Wolves Without Teeth (Understanding Elements of Balance – Defense)



Stir the coals in the fire-pit and don’t worry about getting burned too much, still a bit more to say. The Pathfinder Roleplaying Game is hitting maturity (read: growing up, not old) and it is time to have some honest talks about the birds, the bees… and the behemoths of balance.

For the next few days we are going to look at the ultimate field of balance in the Pathfinder Roleplaying Game: Your Table.

Yep. It is on you kids… not the designers… not the developers… not the 3pp companies.


So let’s get into it. Today’s topic is about Defense…

Understanding Balance at the Table: Details of Defense

Good news everyone! The Pathfinder Roleplaying Game wants you to survive! Mostly. Or at least not usually die. Often.  The ancestral system was designed with a ratio of challenge of 4 encounters to 1 likely party death. At its base, the game was weighted toward the success of party as long as they didn’t push too hard.

Looking at these balancing tendencies helps a GM gain a greater grasp of their table’s specific details of balance:

  • Base Attacks – Weapon attacks tend to do less damage (Vital Strike aside) and iterative attacks grow less reliable.
  • Special Attacks  – Higher damage attacks require special circumstances (sneak attack or smite) or resource expenditure (spells slots or power points etc.).
  • Save-Based Attacks – Save-based effects tend to reliably effect characters with weak saves in that category at lower levels with diminishing reliability as level increases.
  • Armor Classes – Favor melee classes at low-level with evening curves as levels continue.
  • Save Bonuses – Save bonuses are prolific and often at the core of “unbeatable” characters and alpha-play.

Reading the Leaves: Dialing on the Defensive

Controlling gameplay at your table is going to rely on awareness of the details in your party’s defensive makeup. Watching for the following interactions is key when considering or adjusting balancing factors:

  • Class Metabalance – A heavy melee group might have unexpected vulnerability to category of save-based effects (likely Will) and may be difficult to combat physically at low levels with higher than average ACs. Even a “from the can” pherenic scourge is going to take down a large swath of fighters without some mental defensive aid.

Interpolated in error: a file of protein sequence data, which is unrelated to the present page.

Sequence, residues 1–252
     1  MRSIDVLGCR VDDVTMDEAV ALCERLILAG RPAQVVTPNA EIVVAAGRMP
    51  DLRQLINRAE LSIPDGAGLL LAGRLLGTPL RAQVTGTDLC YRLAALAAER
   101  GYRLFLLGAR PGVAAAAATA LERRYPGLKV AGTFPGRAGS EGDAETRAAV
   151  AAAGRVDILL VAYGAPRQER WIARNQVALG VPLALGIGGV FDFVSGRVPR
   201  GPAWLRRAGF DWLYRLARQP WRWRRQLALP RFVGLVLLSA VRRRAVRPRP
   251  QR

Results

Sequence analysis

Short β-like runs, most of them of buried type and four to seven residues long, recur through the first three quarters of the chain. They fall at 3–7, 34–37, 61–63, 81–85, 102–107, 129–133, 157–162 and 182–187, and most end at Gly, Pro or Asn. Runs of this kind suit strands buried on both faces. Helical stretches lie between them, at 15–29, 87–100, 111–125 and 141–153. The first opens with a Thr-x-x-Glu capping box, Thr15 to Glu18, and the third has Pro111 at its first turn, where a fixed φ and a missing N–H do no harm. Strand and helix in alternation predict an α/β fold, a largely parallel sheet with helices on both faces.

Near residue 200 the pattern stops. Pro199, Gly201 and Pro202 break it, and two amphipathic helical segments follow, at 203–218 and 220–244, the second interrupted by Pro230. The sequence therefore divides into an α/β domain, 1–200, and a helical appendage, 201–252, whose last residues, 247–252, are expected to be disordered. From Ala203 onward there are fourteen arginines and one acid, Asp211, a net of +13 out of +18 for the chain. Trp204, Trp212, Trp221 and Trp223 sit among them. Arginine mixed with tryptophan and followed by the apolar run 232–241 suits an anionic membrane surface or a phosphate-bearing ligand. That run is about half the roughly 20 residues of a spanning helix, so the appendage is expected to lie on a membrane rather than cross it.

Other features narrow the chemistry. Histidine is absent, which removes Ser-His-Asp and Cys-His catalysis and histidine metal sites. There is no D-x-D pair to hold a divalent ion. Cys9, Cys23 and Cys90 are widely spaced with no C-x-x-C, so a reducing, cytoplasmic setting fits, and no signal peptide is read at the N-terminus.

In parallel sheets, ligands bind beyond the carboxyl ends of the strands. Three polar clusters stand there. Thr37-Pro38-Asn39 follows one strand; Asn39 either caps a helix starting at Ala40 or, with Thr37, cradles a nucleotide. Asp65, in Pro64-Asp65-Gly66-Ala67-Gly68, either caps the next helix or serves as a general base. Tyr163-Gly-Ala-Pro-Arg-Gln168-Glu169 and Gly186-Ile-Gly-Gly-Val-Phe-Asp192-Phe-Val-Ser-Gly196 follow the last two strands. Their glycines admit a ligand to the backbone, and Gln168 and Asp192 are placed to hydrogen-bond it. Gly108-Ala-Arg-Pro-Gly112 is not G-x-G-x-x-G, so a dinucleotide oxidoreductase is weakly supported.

• Stacking Synergy – Effects that grant AC and saving throw bonuses are VERY common in the game. A little effort can align the stacking on these effects to present incredibly high combined numbers. Understanding the way these bonuses interact may be required to even out encounter balance or relative PC strength. Bracers of Armor are of little use to the fighter and paladin, but could keep that wizard alive long enough to see his first fireball.
  • Gear Escalation – Armor, cloaks of resistance and other defensive items are among the cheapest effective items in the game and it is far easier to use them to raise the defense of the party than it is keep up in terms of items of offense. PCs will become harder to hit or effect over time.

Teething the Wolf: Countering Defenses

We at Lost Spheres are NOT fans of adversarial GMing. If a GM wants to “win” they do. Period. That said if you notice defensive escalation getting hard to manage at your table you might want to consider some of the following:

  • More Medium Foes – Big, solo boss fights are epic and fun, but statistically they tend to run into bad math for a large party with good defenses. Consider larger numbers of medium challenge creatures for most climax encounters not involving your biggest of baddies. More foes means more dice means more chances are the high numbers needed to really engage you defensive players.
  • More Offensive Options – Add new options like Rogue Genius Games’ wyrd wands or something similar to increase the power of offensive effects and arm your baddies with them now and then.
  • More “Fifth Wheel” Support  – Adding de-buffers and pet masters to a mix of bad guys can really help make challenges more challenging and increase player engagement. Consider the defensive bonuses of the key “tank” players and ask yourself if your story has a place for an element that might help mitigate that. De-buffer classes like malefactor or mythic paths like Hollow One can really shift up a combat.
  • More Content – New classes and abilities might find new core balances with existing material. New spells and powers may even out the spikes in play that are challenging you while engaging your metagaming players to explore new terrain and develop new strategies. See our own Zones of Power for an example.

Never underestimate the power of the defensive game at your table, master its complexities and your will craft sessions driving your players to sweat out their next survival and keep them coming back for more.

Want more ways to engage the defensive game at your table? Check out Lost Spheres Publishing’s products on d20pfsrd.com, drivethruRPG, paizo and RPGNow.

This entry was posted in 3rd Party Options, Game Mastering, Lost Spheres, Pathfinder Roleplaying Game, Player Advice, Uncategorized and tagged , , , , , , , . Bookmark the permalink.

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